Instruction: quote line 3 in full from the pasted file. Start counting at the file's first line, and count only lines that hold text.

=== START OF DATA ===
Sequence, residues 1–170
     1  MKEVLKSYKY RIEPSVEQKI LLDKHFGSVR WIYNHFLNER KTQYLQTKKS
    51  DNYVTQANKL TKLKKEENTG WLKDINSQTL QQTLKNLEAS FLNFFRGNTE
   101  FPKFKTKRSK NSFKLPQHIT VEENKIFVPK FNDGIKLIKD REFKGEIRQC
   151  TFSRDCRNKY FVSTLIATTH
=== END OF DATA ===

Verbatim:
    51  DNYVTQANKL TKLKKEENTG WLKDINSQTL QQTLKNLEAS FLNFFRGNTE